Shilling for Big Oil: Study analyzes PR’s hidden role in climate crisis
Fossil fuels are choking cities with smog, turning the water toxic, and heating the atmosphere to a point of no return. So how do you make them sound like a good thing? Ask the public relations firms that have spent decades finding the right words.
A report published this week in the journal Climatic Change summarizes how these marketing whizzes have helped polluting industries improve their image and block climate policy over the last 30 years. Researchers from Brown University analyzed more than 600 PR firms, including major players like Edelman and Ogilvy, to see how they’d shaped the public discourse around climate change while working for coal, oil and gas, steel, and utility companies. Some of the PR firms also worked for environmental groups, at times contradicting their own messages, the analysis found.
The study documents how PR agencies popularized terms like “carbon footprint” and “clean coal,” emphasizing personal responsibility for climate change and diverting blame from fossil fuels. These ideas have become taken for granted, the study says, and have shaped the public debate about what to do about climate change.
Take the now-ubiquitous “carbon footprint.” British Petroleum, the company that popularized it, is responsible for more than 34 billion metric tons of carbon emissions since 1965, putting BP near the top of the list of the highest-emitting companies in the world. The PR agency Ogilvy took the footprint idea developed by an ecology professor in the 1990s and capitalized on it. In a $200 million campaign to rebrand BP as the climate-friendly “Beyond Petroleum” in the early 2000s, the oil company unveiled a carbon footprint calculator eventually used by nearly 300,000 people to calculate how their burgers, plane travel, and old lightbulbs were burning up the planet. Meanwhile, BP continued to expand oil production.
The notion of an individual carbon footprint suggests that emissions are a personal failing, the new report explains, diverting attention away from how BP was busy drilling for more oil. It’s an old PR trick to deflect blame: Before oil companies like BP and ExxonMobil adopted this framing, car companies blamed crashes on pedestrians “jaywalking,” tobacco companies criticized people for “choosing” to smoke their addictive product, and companies that wrapped their products in disposable packaging derided people for all the litter that appeared on the ground.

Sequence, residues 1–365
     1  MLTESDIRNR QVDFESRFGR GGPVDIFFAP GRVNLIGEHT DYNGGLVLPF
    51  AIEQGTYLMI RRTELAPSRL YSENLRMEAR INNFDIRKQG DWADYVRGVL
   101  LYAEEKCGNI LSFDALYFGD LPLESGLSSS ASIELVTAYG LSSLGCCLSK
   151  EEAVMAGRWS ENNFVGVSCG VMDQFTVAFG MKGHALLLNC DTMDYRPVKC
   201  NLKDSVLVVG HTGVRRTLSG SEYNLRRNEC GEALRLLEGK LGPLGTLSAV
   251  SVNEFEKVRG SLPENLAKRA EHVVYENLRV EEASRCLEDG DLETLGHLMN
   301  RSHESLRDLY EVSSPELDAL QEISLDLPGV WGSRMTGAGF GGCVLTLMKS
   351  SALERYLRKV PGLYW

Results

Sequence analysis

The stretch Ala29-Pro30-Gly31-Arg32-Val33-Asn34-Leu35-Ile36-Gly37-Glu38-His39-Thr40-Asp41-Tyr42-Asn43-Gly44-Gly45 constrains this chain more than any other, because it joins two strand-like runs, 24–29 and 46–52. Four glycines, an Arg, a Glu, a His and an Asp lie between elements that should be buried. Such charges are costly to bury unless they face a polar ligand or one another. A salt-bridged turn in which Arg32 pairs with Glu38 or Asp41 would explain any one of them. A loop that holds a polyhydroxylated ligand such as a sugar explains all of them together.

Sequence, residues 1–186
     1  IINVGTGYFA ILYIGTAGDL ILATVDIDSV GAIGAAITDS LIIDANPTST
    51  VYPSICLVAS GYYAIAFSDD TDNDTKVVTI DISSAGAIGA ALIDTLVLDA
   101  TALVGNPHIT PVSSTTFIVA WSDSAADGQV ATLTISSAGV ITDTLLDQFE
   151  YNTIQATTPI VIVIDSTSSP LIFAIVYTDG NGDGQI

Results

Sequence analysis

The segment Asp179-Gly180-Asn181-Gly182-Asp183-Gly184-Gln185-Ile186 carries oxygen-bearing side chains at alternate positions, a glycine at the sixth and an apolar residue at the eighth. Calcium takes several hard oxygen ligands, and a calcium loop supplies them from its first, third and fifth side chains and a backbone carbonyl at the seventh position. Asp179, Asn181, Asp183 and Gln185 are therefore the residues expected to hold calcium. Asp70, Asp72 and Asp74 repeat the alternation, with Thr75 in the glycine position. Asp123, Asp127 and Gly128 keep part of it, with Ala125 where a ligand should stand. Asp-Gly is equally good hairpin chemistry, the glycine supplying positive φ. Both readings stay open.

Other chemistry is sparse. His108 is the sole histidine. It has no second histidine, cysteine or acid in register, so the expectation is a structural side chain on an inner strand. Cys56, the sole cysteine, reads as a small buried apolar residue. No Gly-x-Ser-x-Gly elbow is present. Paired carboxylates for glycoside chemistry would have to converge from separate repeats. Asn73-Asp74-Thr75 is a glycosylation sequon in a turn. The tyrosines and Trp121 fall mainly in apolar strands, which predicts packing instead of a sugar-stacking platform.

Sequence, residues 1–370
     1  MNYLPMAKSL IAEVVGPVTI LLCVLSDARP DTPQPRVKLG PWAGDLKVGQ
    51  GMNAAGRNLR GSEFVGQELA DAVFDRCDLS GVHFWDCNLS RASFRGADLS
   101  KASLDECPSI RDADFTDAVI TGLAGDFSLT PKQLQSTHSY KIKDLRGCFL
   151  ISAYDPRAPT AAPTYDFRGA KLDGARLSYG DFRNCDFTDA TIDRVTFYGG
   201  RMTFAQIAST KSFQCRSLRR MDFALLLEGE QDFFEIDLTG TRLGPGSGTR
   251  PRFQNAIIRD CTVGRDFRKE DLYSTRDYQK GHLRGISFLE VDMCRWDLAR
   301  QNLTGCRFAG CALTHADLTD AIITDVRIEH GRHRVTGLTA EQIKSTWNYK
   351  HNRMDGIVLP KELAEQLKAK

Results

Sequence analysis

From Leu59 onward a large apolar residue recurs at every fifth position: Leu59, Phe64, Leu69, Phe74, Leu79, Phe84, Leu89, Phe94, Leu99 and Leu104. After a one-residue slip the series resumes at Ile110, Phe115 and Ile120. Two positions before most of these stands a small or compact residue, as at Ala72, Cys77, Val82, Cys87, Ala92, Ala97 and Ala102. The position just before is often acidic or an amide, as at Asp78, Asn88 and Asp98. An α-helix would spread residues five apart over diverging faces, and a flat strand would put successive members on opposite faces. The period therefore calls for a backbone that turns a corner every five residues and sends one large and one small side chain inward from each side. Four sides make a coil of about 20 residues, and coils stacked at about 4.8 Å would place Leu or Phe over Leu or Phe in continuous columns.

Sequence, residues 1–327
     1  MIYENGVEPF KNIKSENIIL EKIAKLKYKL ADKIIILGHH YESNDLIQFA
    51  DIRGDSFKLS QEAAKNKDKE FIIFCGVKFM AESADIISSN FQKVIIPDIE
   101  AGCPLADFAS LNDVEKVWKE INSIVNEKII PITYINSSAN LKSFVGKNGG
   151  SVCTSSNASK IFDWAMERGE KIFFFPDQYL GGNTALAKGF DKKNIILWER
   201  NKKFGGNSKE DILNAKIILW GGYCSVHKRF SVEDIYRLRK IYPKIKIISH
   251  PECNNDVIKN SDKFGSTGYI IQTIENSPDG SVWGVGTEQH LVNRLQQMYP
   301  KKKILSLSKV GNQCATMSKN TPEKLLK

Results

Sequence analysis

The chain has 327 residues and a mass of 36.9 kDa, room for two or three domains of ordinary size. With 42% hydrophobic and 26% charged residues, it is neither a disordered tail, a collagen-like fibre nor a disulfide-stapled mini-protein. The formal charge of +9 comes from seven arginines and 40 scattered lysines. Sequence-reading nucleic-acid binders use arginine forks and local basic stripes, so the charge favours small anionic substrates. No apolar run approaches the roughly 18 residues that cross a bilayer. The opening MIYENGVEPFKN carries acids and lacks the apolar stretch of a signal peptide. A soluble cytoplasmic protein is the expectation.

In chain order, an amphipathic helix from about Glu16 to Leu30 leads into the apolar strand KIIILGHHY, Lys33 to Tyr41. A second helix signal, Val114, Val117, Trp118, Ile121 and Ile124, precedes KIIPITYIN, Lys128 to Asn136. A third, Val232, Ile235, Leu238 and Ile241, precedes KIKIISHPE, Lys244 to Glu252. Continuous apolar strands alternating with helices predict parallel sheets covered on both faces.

PR companies also popularized phrases like “clean coal” and promoted “clean burning” natural gas, according to the study. In 2014, a subsidiary of the PR giant Burson Cohn & Wolfe launched a campaign for the coal company Peabody Energy, promoting the misnomer “clean coal.” It coincided with the proposal of the Obama-era Clean Power Plan, a policy to limit pollution from coal plants. The problem is, technology to make coal truly “clean” simply doesn’t exist.
In the months after the campaign, Peabody found that that discussions of “clean coal” had increased 40 percent online.
Beginning in 2011, a $29 million campaign from FleishmanHillard for the American Petroleum Institute, the oil and gas industry’s biggest lobbying group, sold fracking as “safe” and frequently referred to methane as “clean burning natural gas.” One advertisement from the campaign’s “Energy for Shale” Twitter account declared: “Turns out wind & solar have a secret friend: Natural gas.”
The symbiotic relationship between PR whizzes and oil stretches all the way back to John D. Rockefeller, an oil tycoon from the Gilded Age. Over the last century, marketers have developed strange but effective strategies for improving their clients’ images: hiring actors to fake grassroots support for their cause, bullying journalists into reporting their side of the story, and pouring oil money into philanthropy and the arts.
PR companies haven’t attracted the same attention as climate-denying think tanks or oil companies themselves — advertisers are more often viewed as passive participants in obstructing climate action. However, there’s growing pressure on these companies to drop fossil fuel clients. An advocacy group called Clean Creatives is currently targeting the globe’s biggest PR firm, Edelman, which works with ExxonMobil. Edelman recently committed to hold itself “accountable” on climate change but hasn’t dropped its oil clients.
“We work with oil majors. I’m proud of our work,” CEO Richard Edelman told Axios last month. “I think that bigger question over time is, how we can help them express their transitions.”
This story was originally published by Grist with the headline Shilling for Big Oil: Study analyzes PR’s hidden role in climate crisis on Dec 2, 2021.